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Articles | Fri 21st Aug, 2015
This was a private law case in front of magistrates where the mother was represented by counsel and the father, a Serbian whose first language was not English, was in person. The mother had concerns that the father had a personality disorder. At the hearing her counsel made an oral application for the father to undergo a psychological assessment: no Part 25 application had been issued and there was no information before the court about any proposed expert, CVs, timescales or costings let alone a draft letter of instruction with questions. The father’s only notice of the application was in an informal discussion with the mother’s counsel at court before the hearing. Despite the father’s protestion that he did not have a psychological problem, the magistrates said that it was for him to say why the assessment was not necessary and duly granted the mother’s application making an order that, “The Father shall submit to a full psychological assessment”.
So far so bad? Well the total disregard for the mandatory provisions of Section 13 of the Children and Families Act 2014 and Part 25 FPR 2010 managed to get past HHJ Scarratt on appeal before ending up in the Court of Appeal. Ryder LJ (giving the lead judgment) was less forgiving, however, of the magistrates’ shortcomings.
The Court of Appeal in allowing the father’s appeal reiterated the mandatory nature of compliance with both the statutory scheme and the procedural code, which was totally absent in this case. The magistrates had wrongly reversed the burden by obliging the father to justify why the expert evidence was not necessary. They had wrongly sought to compel the father to undergo an assessment that he was not willing to do; as Ryder LJ reminds us at paragraph 35, “It is an elementary principle that a competent adult cannot be ordered to have a medical procedure. A psychological assessment of the kind anticipated by the direction made in this case is a medical procedure”. The correct wording for a Part 25 direction is that the parties “have permission to instruct” an expert. If (as in this case) a party is unwilling to undergo an assessment, the judge should both warn the party in court and record as a recital in the court order that negative inferences may be drawn if the party fails to co-operate or comply.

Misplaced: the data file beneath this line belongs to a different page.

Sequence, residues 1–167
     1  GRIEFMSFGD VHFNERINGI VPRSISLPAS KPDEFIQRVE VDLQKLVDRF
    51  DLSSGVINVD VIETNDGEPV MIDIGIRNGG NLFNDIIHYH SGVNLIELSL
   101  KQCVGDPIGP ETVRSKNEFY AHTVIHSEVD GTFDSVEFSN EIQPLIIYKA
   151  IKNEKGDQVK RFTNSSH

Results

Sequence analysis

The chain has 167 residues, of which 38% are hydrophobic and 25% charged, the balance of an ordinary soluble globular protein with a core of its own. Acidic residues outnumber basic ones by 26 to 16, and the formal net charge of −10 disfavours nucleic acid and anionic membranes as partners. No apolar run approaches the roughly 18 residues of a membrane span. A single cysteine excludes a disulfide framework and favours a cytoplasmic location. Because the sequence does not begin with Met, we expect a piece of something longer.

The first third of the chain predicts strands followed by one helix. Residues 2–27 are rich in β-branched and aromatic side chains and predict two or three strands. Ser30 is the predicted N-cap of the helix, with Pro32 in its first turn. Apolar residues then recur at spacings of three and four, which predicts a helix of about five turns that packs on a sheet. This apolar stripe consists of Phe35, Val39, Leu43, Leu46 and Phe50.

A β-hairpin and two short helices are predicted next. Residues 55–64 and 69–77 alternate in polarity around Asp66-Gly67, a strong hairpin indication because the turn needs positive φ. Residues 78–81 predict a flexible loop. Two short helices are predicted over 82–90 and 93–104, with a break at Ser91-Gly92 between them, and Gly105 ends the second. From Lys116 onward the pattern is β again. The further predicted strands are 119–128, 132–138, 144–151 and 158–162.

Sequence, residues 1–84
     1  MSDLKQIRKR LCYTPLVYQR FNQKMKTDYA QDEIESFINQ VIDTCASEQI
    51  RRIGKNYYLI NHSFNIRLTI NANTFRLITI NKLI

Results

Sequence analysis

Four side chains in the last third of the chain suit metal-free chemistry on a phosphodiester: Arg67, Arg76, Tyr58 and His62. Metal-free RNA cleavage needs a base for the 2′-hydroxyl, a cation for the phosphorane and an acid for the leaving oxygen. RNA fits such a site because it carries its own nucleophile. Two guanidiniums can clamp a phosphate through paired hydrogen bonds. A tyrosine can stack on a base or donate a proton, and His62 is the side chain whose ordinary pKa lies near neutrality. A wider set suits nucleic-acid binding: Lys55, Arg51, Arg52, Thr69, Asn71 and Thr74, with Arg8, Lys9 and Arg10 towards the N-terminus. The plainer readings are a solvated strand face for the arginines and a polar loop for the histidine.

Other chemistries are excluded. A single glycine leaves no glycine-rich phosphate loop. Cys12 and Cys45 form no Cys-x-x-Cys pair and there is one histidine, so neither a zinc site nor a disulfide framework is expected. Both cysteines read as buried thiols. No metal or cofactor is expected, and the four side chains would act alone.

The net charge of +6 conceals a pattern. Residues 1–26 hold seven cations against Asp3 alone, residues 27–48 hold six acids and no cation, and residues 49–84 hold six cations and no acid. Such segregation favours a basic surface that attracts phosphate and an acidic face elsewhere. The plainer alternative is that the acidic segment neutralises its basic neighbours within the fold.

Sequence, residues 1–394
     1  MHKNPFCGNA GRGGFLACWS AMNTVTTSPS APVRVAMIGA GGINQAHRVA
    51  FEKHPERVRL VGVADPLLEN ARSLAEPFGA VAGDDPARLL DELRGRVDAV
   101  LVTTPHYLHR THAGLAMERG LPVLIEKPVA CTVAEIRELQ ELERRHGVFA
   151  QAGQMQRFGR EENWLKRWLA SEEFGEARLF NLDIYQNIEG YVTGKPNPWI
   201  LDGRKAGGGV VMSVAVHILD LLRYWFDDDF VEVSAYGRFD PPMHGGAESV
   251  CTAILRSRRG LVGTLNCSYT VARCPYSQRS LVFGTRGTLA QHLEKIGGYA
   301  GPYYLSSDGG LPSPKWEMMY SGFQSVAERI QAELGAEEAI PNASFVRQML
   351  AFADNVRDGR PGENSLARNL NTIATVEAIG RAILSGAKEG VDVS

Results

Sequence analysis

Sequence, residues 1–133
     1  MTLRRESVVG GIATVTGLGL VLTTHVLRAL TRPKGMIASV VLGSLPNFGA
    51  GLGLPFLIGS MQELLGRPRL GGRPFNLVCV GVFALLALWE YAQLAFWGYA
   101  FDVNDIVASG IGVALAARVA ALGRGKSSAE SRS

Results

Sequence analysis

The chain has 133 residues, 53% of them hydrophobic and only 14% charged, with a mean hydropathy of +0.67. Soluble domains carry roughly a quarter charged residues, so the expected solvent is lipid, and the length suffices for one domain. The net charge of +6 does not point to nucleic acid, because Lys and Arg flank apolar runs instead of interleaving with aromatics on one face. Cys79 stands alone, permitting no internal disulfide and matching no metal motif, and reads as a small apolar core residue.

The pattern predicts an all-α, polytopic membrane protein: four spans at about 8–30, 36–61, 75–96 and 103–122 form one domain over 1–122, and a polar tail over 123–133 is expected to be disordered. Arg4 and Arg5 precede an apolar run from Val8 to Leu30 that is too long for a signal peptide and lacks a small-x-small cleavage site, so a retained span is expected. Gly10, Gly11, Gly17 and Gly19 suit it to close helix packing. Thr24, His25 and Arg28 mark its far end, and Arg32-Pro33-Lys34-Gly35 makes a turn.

Ryder LJ also gave a welcome digression on the fair process for a litigant in person whose first language is not English, particularly if the other party is represented. With reference to the training provided to all judges (including magistrates) by the Judicial College, Ryder LJ set out the following (paragraphs 14 to 16):
“14……The practice that is recommended is that litigants in person are sworn at the outset of the hearing so that their representations can be used as evidence. They should each be asked to set out their case (preferably without interruption and in a fixed time window) and they should be encouraged by the court to answer any relevant propositions put by the other party. The court should identify the key issues for them and put the same issues to each of them at the beginning or end of the statements they are invited to make.
15. The court should ask the applicant to reply to any matters he or she has not covered before making a decision. Questions which either party want to ask of the other party, assuming that the representations are to be relied upon as evidence, should be asked through the judge where the questioner is a litigant in person so that inappropriate control is not exercised by one party over the other and irrelevant questions can be avoided.
16. This was not the process used by the magistrates and their legal advisor. Given that such a process might have facilitated a fairer hearing for the father in this case, it is regrettable that it or a similar appropriate process was not used. Give the number of litigants in person in the Family Court the time may have come for this process to be formalised into practice guidance or a practice direction.”